I’m taking a week-long class on D2L, which is a “course management system” that the South Dakota regential school system is implementing in place of WebCT. The seminar is populated by other faculty here at Komplexify U that are planning on using D2L in the upcoming semester, partly because it’s a new pedagogical tool they can use to reach students, but mostly because they get paid a summer bonus to do so.
As a result, the class is chock full of folks who, beyond being unfamiliar with a web-based software interface, in fact seem to have never seen a computer before. This class is like running a relay in which your teammates have not only failed to stretch and settle down into the starter’s block, but in fact are still learning to tie their laces. To wit, I submit the following moment from class.
The instructor has just logged everyone into their “sandbox” account, an arduous task taking almost forty minutes. Once everyone is logged in, she shows off the welcome page and points out that it is divided into a number of cells that resemble the “windows” of Microsoft Windows. “In D2L,” she says “these windows — the cells that you interact with to edit the site’s content — are called widgets.”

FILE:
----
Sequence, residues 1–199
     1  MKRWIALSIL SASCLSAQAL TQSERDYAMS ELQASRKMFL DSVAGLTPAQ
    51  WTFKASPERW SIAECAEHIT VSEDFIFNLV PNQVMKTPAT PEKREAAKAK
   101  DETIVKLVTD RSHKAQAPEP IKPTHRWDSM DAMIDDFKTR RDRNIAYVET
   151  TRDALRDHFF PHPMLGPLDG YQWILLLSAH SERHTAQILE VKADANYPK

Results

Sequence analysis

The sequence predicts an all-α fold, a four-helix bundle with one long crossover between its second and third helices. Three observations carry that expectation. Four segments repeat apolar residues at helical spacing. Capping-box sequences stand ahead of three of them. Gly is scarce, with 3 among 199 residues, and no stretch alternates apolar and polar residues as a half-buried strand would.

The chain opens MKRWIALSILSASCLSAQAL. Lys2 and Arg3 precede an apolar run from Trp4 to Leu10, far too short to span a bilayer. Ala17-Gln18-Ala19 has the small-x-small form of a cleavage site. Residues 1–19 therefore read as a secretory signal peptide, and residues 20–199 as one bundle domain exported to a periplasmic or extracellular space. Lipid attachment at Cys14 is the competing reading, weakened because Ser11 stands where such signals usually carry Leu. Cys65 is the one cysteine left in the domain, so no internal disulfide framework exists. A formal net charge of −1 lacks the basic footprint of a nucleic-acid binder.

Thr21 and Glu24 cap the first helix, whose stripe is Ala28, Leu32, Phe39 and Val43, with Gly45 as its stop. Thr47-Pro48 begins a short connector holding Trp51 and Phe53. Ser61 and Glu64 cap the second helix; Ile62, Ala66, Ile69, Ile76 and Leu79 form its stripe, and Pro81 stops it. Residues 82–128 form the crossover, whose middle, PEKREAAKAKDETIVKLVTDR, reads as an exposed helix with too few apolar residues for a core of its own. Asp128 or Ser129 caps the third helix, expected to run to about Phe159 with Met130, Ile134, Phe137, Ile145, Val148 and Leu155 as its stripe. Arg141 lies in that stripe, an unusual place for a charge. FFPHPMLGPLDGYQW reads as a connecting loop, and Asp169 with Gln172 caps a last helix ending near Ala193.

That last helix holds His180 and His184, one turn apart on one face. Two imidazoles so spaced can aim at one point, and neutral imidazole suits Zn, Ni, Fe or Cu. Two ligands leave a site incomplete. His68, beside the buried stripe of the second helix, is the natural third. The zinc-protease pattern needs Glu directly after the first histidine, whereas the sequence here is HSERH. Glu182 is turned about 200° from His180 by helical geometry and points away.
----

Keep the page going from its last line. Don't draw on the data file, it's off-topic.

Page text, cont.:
“Why are they called widgets?” asks a student.
“Well,” the instructor replies helpfully, “a widget refers to anything that adds content to a web page that is not static. That’s technical mumbo-jumbo, though. Suffice it for us here for D2L, a widget just refers to any of the windows you see on the page.
“Why not call them windows, then?” another student asks.
The instructor smiles. “Because in D2L itself, they’re called widgets…”
A third student quickly interrupts. “Well, can we think of them as windows here instead of widgets?”
“Sure,” says the instructor hesitantly.
“Aha!” he announces triumphantly. “Then why don’t we just call them windows here instead of widgets too?” The student sits back with the air of a man who has just determined he can checkmate Gary Kasparov in three moves.
A pained expression briefly flits across the instructor’s face.
“I wouldn’t recommend it,” she suggests. “When you go to set up your class page, you won’t see any options for editing the information in a window in D2L, but there are options to edit the information in different widgets, so…”
The first student blows a disgusted raspberry. “This makes no sense. Why not call them windows if they’re windows instead of wedgies or whatever you called them…”
“Wijjitz,” the second student adds helpfully.
“Right, wijjitz, whatever,” grumbles the first. “Stupid name for a window.”
“Why widgets?” ponders a fourth student, at which point a fifth student, evidently an economics professor, pontificates for ten minutes on the etymological origins of the term as a generic place-holder for manufactured goods, which in turn engenders a further forty minutes of heated debate on (in this order) the flaws of the capitalist system, the fault for the current state of the economy, the general political listlessness of the university community, and finally gun control, during which, unobserved by most of the class, the instructor hung herself with a makeshift noose fashioned out of her laptop’s power cord.